I have the other one, which looks okay, but I haven't checked it with the feeler gauges yet.

Rear iron looked okay.  Some edge flaking on the rear rotor housing, middle iron totally borked, front housing looks okay. 

I was really kind of expecting, hoping the hard parts were going to be okay.  I didn't think it would run as well as it did with that big of a hole.  Crazy that it just blew out there.  No signs of corrosion really, though the o-ring was definitely tired.  It just broke that piece of iron right off.  I guess that is in the area of maximum pressure.

j_tso
j_tso GRM+ Memberand Reader
8/7/20 7:54 p.m.

Maybe $1000 new, here are a couple I found on ebay:

https://www.ebay.com/itm/1989-Mazda-Rx7-S5-13B-TURBOII-CENTER-IRON-2/402285531908?hash=item5daa161304:g:g-AAAOSwadhe2a1D

https://www.ebay.com/itm/Mazda-13B-Intermediate-Side-Housing-RX7-Rotary-FC3S-Turbo-4-Iron-FD3S-20B/383475136001?hash=item5948e63601:g:pRUAAOSwC7NebeSO&autorefresh=true

Other than coolant seal grooves, just need to check for flatness with a feeler gauge and straight edge, and then step wear with a dial indicator.

1988RedT2
1988RedT2 MegaDork
8/7/20 9:01 p.m.

In reply to j_tso :

That one in Japan looks different from my S4.  Is the S5 center iron identical?  I think S4 to S5 was where they went to lighter rotors?

Snrub
Snrub HalfDork
8/7/20 10:07 p.m.
1988RedT2 said:

In reply to j_tso :

Cool, thanks!

I've watched several of aaron's videos already.  Informative and entertaining. 

A number of years ago I was present as he rebuilt his first rotary engine. He knew every torque spec, wear spec, tolerance, etc. by memory, just because he read it a couple of times a week or two prior. Impressive brain in that head of his.

j_tso
j_tso GRM+ Memberand Reader
8/7/20 11:56 p.m.

In reply to 1988RedT2 :

The different irons will bolt up together. I'm not sure on other physical differences other than that S4 and S5 Turbos had the knock sensor moved from the center iron on the S4 to the rotor housing above the spark plugs.  Otherwise they should be compatible.  Not sure on the weight but both turbo and non-turbo S5 rotors are higher compression than S4, makes no difference which housings are used though.

Brett_Murphy (Forum Patrón)
Brett_Murphy (Forum Patrón) GRM+ Memberand MegaDork
8/8/20 9:12 a.m.

Somebody posted in another thread that there are quite a few TII engines on ebay cheap right now.

1988RedT2
1988RedT2 MegaDork
9/4/20 6:53 p.m.

Progress has been slow.  Got the rotor housings cleaned up a bit today.  I would like someone to assess them.  I am concerned with the matte, silvery-gray appearance of the surface.  It appears that most of the plating is worn away?  It would be great if someone with some rotary building experience would offer their evaluation.

Front housing:

 

Rear housing:

 

 

1988RedT2
1988RedT2 MegaDork
9/4/20 7:06 p.m.

By contrast, this is the surface just above the spark plug holes on the Front housing:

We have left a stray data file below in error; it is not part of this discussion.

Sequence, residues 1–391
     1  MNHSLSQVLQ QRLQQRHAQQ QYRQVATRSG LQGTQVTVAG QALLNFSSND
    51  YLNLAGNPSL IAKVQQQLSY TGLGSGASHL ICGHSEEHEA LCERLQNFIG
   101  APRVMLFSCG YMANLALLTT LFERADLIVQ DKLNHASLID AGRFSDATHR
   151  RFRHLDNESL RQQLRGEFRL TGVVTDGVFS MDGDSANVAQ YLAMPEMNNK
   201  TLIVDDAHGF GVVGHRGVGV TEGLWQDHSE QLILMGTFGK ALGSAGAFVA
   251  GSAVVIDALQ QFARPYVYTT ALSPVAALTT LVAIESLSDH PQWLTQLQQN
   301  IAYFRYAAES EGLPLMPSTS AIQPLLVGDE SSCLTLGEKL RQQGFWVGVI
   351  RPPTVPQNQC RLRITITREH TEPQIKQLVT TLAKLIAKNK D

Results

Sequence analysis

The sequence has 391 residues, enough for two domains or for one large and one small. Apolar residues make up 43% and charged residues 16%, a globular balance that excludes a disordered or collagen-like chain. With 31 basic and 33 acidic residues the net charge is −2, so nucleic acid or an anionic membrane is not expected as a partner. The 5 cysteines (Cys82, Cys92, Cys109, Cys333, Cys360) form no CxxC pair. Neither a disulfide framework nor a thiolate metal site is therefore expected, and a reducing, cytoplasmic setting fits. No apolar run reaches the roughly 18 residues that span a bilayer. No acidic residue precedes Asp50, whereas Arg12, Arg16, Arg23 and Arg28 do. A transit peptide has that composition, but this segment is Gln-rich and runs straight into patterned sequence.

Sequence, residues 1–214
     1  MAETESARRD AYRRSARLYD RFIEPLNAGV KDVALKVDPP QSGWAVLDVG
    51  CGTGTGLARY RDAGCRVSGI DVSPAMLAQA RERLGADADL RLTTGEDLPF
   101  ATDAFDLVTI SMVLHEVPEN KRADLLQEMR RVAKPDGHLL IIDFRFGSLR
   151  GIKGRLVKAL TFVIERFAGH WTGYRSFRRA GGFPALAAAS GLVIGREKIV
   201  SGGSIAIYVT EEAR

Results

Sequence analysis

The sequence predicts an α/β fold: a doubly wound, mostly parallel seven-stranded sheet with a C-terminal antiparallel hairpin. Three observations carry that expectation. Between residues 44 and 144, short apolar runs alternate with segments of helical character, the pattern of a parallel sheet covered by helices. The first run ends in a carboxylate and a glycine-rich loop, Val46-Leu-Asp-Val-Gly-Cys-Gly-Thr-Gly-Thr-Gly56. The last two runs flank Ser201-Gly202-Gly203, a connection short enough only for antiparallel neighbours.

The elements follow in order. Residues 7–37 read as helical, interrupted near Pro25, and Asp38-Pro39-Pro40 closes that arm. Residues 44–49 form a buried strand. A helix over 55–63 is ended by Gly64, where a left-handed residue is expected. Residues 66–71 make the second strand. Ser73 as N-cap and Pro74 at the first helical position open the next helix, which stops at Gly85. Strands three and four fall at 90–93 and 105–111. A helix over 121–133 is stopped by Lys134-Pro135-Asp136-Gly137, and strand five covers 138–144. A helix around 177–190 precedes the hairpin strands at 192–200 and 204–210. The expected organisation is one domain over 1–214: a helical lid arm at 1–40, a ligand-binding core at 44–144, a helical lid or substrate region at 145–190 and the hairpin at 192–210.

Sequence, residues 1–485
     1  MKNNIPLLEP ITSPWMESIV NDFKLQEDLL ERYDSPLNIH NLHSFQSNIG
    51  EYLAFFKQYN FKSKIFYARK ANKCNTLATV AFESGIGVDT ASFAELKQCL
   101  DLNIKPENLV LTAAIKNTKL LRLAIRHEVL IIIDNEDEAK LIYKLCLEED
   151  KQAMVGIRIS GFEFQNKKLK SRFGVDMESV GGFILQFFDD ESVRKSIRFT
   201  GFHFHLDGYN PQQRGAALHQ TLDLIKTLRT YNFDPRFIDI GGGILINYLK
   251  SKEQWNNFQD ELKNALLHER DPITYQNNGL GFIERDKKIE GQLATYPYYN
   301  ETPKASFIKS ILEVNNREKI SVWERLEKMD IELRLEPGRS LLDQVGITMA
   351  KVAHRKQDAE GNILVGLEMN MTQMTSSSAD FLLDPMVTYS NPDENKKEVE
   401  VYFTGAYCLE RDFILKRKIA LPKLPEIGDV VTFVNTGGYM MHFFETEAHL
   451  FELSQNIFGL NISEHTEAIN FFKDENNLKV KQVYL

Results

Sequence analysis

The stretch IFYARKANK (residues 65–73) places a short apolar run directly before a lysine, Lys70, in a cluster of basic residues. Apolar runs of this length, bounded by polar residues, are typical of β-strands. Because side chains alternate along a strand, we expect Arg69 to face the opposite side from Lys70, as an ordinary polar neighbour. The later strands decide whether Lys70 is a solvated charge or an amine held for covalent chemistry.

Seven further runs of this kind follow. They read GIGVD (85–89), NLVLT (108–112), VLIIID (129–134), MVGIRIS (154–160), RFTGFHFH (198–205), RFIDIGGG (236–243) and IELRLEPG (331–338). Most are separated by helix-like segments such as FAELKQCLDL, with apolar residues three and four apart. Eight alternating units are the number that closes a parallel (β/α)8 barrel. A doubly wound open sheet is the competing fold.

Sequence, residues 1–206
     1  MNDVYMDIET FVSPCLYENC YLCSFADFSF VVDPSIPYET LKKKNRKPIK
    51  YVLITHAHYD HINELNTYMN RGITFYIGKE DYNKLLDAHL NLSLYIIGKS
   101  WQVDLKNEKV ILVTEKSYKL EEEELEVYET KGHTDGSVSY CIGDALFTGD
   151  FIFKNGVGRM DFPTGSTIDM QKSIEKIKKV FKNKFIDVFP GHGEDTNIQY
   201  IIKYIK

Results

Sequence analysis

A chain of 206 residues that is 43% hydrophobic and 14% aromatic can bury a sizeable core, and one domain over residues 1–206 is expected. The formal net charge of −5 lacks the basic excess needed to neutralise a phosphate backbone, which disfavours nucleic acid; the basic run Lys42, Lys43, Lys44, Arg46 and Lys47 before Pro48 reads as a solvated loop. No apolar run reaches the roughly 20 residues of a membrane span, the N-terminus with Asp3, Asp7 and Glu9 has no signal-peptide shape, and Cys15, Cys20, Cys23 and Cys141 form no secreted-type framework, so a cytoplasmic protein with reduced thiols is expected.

1988RedT2
1988RedT2 MegaDork
9/4/20 8:23 p.m.

Funny that the line around the center of the housing that I at first thought might be some sort of scoring is actually a line of lesser wear in line with the oil metering injection port.  Drawing my finger across the housing, I can feel the center as a high spot.  I will need to consult with the factory manual and see what is acceptable there.

While these housings appear to be undamaged, there is a good chance that they are simply worn out.

RXBeetle
RXBeetle Reader
9/4/20 9:33 p.m.

Is it pretty flat across the housing? Can you feel any wear grooves? It doesn't look like there is cracking around the plug hole and the chamfer is not worn down. There isn't much flaking on the edge either. I clean up my housings with a 1/2" round 600 grit oil stone. You have to be really careful to hold the stone straight so you don't crown the surface. Really not trying to remove much material, just knock any high spots off and make it a lot easier to judge how bad the wear is. You may also want to measure the height of the apex seal to get an idea of how much wear and abuse it has seen. 

I have an S4 NA center iron. I'm not sure if it will work with your build plan, intake closing is 10deg earlier (that can be remedied) and egr port is up top (can be blocked). Let me know if you're interested and I'll get you some pics and inspect for wear and of course coolant seal groove. 

1988RedT2
1988RedT2 MegaDork
9/5/20 10:53 a.m.
RXBeetle said:

Is it pretty flat across the housing? Can you feel any wear grooves?

 

It's not that flat.  There's that higher ridge in the center that I can feel with my finger.  I've laid a short piece of copper pipe (presumed straight) across the surface and if I shine a bright light under it I can see a gap on either side of the center--gotta be several thousandths.  I need to find my feeler gauges and see if I can quantify it.

Seems like new apex seals would not seal well at all, and I'm pretty sure I won't bother putting this together with the old seals. 

This project gets more expensive everytime I look at it.... sad